CEFC makes first industrial property investment as it seeks to unlock sector’s PV, battery potential


Charter Hall’s $5.5 billion Prime Industrial Fund (CPIF) has landed a $50 million equity investment from the Clean Energy Finance Corporation (CEFC), which will help implement innovative sustainability solutions across the fund’s industrial and logistics assets. The investment announced on Thursday represents the CEFC’s first foray into the industrial property sector that holds great potential for sustainability improvements.

“Australia has about 35 million square metres of industrial roof space – a largely untapped resource for energy efficiency improvements, solar PV and batteries that offers significant potential to provide clean energy as well as grid services,” CEFC CEO Ian Learmonth said. “With long-term industrial tenants looking for more sustainable property to help meet their ESG targets, the industrial property sector provides important opportunities to further decarbonise the economy.”

The CEFC hopes that working with one of industry leaders, like Charter Hall, will help transform the industrial property sector as it drives sustainability measures across the fund’s extensive portfolio of assets. The $5.5 billion CPIF is one of Australia’s largest industrial and logistics funds, with 75 assets across Australia, including warehouses, industrial estates and distribution centers. 

“This investment will also lead to the construction of new assets that make use of the latest in sustainable design and materials, potentially driving uptake of materials identified in the Federal Government’s Technology Investment Roadmap such as green steel, aluminium and cement, and delivering long term benefits to Australia’s emissions profile,” Learmonth said.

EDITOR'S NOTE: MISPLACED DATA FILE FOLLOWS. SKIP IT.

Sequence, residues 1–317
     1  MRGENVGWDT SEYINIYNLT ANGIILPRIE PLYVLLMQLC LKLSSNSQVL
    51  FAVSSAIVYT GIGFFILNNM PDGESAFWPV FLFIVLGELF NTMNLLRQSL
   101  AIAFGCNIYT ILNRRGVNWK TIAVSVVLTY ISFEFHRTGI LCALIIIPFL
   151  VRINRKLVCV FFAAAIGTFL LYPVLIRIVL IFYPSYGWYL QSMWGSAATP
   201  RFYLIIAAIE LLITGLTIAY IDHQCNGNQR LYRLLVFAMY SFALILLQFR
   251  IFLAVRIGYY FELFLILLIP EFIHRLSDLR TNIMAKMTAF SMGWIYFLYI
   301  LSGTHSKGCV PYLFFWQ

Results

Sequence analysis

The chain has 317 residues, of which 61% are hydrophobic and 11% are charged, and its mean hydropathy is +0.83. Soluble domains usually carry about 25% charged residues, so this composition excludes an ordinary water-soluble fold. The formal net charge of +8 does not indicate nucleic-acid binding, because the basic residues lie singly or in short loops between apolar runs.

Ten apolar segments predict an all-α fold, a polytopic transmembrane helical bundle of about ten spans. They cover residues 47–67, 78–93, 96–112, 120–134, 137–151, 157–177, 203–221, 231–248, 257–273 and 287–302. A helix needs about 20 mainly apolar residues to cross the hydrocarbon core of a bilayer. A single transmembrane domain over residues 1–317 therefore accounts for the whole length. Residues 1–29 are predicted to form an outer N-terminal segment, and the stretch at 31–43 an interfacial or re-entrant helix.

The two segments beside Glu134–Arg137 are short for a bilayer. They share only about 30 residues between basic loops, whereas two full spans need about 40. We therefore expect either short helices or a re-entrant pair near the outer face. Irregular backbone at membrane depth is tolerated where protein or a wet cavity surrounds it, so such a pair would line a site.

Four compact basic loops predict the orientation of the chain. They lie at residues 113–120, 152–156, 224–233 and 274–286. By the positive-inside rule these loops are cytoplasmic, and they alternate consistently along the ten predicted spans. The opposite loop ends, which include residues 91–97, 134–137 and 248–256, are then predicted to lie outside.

Industrial PV

The CPIF will consider several sustainability initiatives across its portfolio of assets. First, it will look at optimized solutions in the use of solar PV across the 2 million sqm of roof space in its portfolio, as well its potential to be converted into a renewable energy resource to supply clean energy and grid services. The role of embedded networks and batteries will also be considered.

In addition, it will investigate opportunities to deliver carbon-neutral developments whilst also targeting a 5 Star Green Star Design and As Built rating for its $900 million strong development pipeline of projects near major infrastructure roads, rail and ports, work with tenants to improve their sustainability outcomes and reduce energy consumption, and consider waste diversion strategies. 

“Charter Hall is committed to continuous improvement in ESG performance across our portfolio. The CEFC investment is an endorsement of our plans to improve the operational performance of our buildings and deliver to our tenant customers a consistent high performing product,” Charter Hall Chief Investment Officer Sean McMahon said.

In its recently released annual report, the CEFC has signaled its intention to move beyond solar and wind investment over the coming year and put its capital to work in the nascent green hydrogen industry and grid projects. Since its inception, the bulk of the green bank’s funding has gone to large-scale investments helping more than 3 GW of solar and wind get off the ground. Now, the CEFC says it is looking to expand into areas that can further assist the country’s energy transition with a focus on catalyzing finance into Renewable Energy Zones, grid upgrades, the integration of significant storage and renewables and the potential for grid security services. 

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